Ok, so what exactly is this show about? The premise is pretty simple. Humans hate cockroaches and we would always try to kill them. I mean, when one of those suckers fly, it’s often every man for themselves. You see, we kill the cockroaches and we don’t question why. But in Terraformars, when Earth tried to colonize Mars, they sent two organisms there first: some mold and cockroaches. The insects evolved into highly muscular aliens that now think humans are the disgusting insect invading their space. Just like how we don’t question killing this insect, they also don’t care about us. They’ll kill us with their awesome muscles and they basically want humans to keep the f*ck away from Mars. Sadly, the humans need to go to Mars because an incurable disease has spread over Earth. The source came from Mars, humans slowly wither away from it, and the only known cure is on Mars. The only way to keep this disease from spreading is for a bunch of humans to travel to Mars, collect some samples of life there, and return to Earth so the scientists can extract the needed stuff to understand and cure the disease. Now, we see cockroaches as vermin and they see us as vermin as well. These two groups will now prove once and for all who the real vermin is between them. This is the basic premise of the anime but, as you can imagine, the entire exposition isn’t just told by one character while the rest listens. The anime preps the audience up as a soldier first, so you only know what the soldiers know. The only thing these bastards know is that they’ll go to Mars and they have to capture a bunch of roaches. That’s it.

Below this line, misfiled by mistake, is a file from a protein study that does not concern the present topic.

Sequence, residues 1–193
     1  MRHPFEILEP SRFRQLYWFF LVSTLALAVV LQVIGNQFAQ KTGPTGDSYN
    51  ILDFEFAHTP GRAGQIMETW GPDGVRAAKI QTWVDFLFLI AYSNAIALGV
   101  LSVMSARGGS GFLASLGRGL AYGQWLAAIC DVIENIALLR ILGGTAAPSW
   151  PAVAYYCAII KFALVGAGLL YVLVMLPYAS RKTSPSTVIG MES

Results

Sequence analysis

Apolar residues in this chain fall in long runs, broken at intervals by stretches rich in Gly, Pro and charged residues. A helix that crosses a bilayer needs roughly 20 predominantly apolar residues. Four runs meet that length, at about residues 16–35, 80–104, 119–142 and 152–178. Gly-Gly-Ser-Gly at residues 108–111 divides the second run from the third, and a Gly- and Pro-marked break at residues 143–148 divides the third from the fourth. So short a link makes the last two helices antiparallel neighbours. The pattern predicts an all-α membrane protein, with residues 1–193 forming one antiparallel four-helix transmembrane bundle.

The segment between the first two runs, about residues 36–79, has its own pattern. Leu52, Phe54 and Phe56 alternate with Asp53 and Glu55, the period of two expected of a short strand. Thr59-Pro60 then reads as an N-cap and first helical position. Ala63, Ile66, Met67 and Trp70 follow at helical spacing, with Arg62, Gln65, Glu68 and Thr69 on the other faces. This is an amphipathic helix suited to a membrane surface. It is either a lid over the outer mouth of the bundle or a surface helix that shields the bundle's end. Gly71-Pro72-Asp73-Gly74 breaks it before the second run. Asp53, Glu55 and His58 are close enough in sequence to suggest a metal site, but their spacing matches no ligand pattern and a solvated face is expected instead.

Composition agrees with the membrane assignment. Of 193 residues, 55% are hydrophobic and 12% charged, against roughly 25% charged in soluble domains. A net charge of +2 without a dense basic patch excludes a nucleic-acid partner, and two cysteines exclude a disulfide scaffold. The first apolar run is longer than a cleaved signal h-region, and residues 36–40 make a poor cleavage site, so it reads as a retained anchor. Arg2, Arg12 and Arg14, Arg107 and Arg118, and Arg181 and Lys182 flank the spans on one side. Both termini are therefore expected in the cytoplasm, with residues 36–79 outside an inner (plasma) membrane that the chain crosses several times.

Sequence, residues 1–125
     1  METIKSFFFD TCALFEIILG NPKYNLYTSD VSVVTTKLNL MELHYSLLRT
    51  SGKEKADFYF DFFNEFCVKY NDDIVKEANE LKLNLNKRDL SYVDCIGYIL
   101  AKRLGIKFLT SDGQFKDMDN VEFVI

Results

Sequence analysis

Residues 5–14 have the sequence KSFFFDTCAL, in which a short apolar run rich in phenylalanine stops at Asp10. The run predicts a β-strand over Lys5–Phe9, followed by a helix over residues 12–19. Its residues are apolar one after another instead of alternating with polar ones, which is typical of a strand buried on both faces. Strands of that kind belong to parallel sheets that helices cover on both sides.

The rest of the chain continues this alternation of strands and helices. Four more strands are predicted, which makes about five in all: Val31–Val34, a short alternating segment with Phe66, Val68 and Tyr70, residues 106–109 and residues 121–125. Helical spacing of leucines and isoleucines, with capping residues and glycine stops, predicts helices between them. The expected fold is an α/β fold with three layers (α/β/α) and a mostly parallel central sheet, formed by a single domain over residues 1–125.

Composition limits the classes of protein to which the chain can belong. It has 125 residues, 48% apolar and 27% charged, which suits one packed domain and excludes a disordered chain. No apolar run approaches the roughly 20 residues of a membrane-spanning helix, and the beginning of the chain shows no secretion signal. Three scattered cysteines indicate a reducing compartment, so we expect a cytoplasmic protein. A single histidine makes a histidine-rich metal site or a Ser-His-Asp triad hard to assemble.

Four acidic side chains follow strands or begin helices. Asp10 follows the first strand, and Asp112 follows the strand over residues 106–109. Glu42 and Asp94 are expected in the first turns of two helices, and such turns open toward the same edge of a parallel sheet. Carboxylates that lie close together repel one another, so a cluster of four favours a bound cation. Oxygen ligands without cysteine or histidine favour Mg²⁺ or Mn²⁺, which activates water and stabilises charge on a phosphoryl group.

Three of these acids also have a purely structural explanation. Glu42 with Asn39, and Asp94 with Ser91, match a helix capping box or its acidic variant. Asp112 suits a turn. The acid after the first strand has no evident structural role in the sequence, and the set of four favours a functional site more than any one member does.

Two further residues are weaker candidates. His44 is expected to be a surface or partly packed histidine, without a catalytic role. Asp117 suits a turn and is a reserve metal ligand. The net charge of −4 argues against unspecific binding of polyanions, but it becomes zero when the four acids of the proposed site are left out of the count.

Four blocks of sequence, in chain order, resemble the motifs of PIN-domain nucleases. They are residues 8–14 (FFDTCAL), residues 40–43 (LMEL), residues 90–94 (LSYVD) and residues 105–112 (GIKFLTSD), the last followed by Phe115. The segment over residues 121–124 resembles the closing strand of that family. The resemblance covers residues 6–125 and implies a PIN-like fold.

I think the scenes after the bear fight is really the biggest weakness of the anime. When the main character is introduced to the rest of the soldiers that are about to undergo some kind of surgery, the anime kinda did a time skip. Instead of learning about the important individuals that’ll affect the story, we suddenly see them board the Annex 1 immediately. We don’t know who the characters, what their surgery is and what kind of training they got. We were introduced to five characters, but we really only know the main character, Akari, up to this point. We then ride the Annex 1 with them, and we see the characters just talking among themselves during their journey. As you can see, the pacing is fast, the exposition is lacking and the entire feel of the anime just feels tilted. You aren’t really sure what it’s trying to accomplish, and you just feel lost. You do know they’ll be fighting roaches, and there is actually a choking tension during the ride. I knew how AoT went down, and I know it’ll be very messy for this show as well. The journey towards Mars feels like a calm before the storm, and the storm actually hits us earlier than expected.
Commencing Plan Delta
The show really kicks off when the Annex 1 lands on Mars, but the group is divided into six smaller groups. We also started with one hundred soldiers and the number is whittled down into a handful. Plan Delta is a backup plan forced to be used by the captain, because their original plan has gone to sh*t. Also, we are introduced to the gore. A lot of people are beheaded, dismembered and there was a cool one where a guy got his head and spine ripped off his body and then the entire thing is used as a sword. The Titans have commenced their attack, and it’s really fascinating how big the gap is between the humans and the roaches. Humans are soft and easy to kill while the roaches are hard bodied and insanely muscular. Armed with clubs, they act like cavemen, primitive creatures that only know they need to crush the insects. As you witness the soldiers dispatched one after the other in horrific manner, well, you are reminded of the bear and the cage fight. Remember that it established the normalcy of the anime. The bear overwhelmingly won the fight, but Akira still ends up killing the bear. While you are thrown into the misery of being the 101st soldier of Annex 1, you soon realize the humans aren’t really at a disadvantage.